If you regularly find yourself stuck in airports, you should think twice about how important those flights actually are. There may be times when you feel you do need to fly - seeing relatives, exploring far away places, or attending a critical work event. That’s okay! But there are also times when you can choose not to fly, and feel good about it.
Talk with your co-workers and clients about why flying less is important to you, and find ways to change the travel policies. Choosing a video conference instead of a flight can save everyone time and money, and helps reduce stress. Cutting just one return economy class flight between New York and Los Angeles could save as much as 0.6 metric tonnes of CO2 – that’s the same amount of emissions that the average person in Bangladesh produces in an entire year! Not everyone has the privilege of flying, but if you fly frequently, taking a few less flights is one of the best ways to dramatically reduce carbon pollution.
If you’re flying for work, consider asking if you can replace your flight with a video call to win back that time you would have spent in airport security and queues. If you're flying regularly to the same location, consider bundling out-of-town meetings together; less frequent, longer trips make the most of each flight. If you’re often traveling for workshops, seminars or conferences, ask if you can appear virtually or look for online options instead - technology has come a long way and virtual events keep getting better.
Talk to your employer and your co-workers about changing your organization’s flying policy. You could also encourage your employer to join the Sustainable Aviation Buyers Alliance.
If you feel you need to fly, use a flight comparison tool that shows carbon emission estimates, like Google Flights. Remember, regional flights emit the most carbon per kilometer traveled, flying business class or first class results in more emissions than flying economy and layovers tend to emit more than non-stop direct flights.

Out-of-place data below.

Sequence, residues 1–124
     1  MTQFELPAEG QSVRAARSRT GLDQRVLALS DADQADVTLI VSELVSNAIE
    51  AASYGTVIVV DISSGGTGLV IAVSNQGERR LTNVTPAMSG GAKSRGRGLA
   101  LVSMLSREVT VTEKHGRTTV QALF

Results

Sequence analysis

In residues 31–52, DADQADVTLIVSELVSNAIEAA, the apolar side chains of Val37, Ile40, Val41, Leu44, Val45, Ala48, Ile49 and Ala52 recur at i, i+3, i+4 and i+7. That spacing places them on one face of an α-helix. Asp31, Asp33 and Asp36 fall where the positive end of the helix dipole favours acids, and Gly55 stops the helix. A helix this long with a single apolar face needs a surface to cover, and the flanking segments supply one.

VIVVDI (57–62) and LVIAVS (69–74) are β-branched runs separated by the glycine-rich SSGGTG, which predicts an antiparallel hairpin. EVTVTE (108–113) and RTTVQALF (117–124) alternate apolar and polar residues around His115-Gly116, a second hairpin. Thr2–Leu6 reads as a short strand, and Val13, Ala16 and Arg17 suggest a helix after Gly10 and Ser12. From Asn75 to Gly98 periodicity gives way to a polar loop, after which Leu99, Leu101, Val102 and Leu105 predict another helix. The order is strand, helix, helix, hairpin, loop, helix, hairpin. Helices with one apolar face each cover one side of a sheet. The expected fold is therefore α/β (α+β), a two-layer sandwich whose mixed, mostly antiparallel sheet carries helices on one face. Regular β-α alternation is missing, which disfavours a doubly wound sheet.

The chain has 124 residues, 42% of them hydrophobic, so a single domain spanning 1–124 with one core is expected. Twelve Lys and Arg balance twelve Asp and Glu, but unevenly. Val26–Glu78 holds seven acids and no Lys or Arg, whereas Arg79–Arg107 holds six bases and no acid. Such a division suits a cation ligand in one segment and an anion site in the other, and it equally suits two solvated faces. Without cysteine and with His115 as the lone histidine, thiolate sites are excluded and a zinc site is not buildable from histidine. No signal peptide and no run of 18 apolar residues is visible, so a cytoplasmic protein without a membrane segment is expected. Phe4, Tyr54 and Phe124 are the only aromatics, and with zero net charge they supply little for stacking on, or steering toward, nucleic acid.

If you’re frequently traveling for leisure, think about taking rail, the bus, or driving instead. They may work out cheaper than flying and make the journey part of the adventure!
Not hopping from airport to airport means you can take things slower, and have more time for yourself or be present for the people around you, which helps to reduce stress. You won’t have to endure those security queues, uncomfortable seats and long waits in airports.
You’ll also be joining a growing number of people who are proud to be members of the infrequent flyers club. Many climate scientists, who rely on travel to do their job but are aware of the big impact today’s airplanes have, are also flying less often. Every person who chooses to fly less frequently helps to shift flying from a casual commute to the special occasion it should be.
If you can get your employer to replace flights with video calls, you could help save your company time and money, while reducing carbon pollution. Video calls could save businesses over US$4 trillion in business travel and 143 billion hours lost to unproductive travel time. It would also reduce emissions by nearly 4 gigatons of carbon dioxide over 30 years - that’s like turning off 958 coal power plants for one year.
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3.8 gigatons of carbon emissions is equal to the annual emissions of 958 coal power plants.
560 kg of carbon emissions is equal to burning 619 lbs of coal
A return trip from New York to Los Angeles results in 560 kg carbon emissions.
By avoiding emissions from business air travel, telepresence can reduce emissions by 1–3.8 gigaton of carbon dioxide over 30 years.
Nonstop flights and the use of fuel-efficient aircraft or airlines are likely to yield fewer emissions than alternatives on the same route.
The radiation dose rate at typical commercial airline flight altitude (35,000 feet) is about 0.003 millisieverts per hour.
The risk of venous thromboembolism is increased 2 to 3-fold after long-haul flights (>4 h) and also with other forms of travel involving prolonged seated immobility
While a smaller portion of total travel, regional flights have the highest carbon intensity per passenger kilometer.
Impact metric calculations
To determine the carbon emission reduction estimates related to switching to flying less, the following calculations were performed:
Baseline Air Travel: (# of flights/month) x (country-specific kg CO2e/mile) x (miles/flight) = kg CO2e / month
Lower Emitting Alternative: (# of alternate travel trips/month) x (country-specific kg CO2e/mile) x (miles/alternate transit) = kg CO2e / month
Total: Baseline Air Travel – Lower Emitting Alternative = kg CO2e/month
For detailed calculations, references and assumptions, please see our Methodology.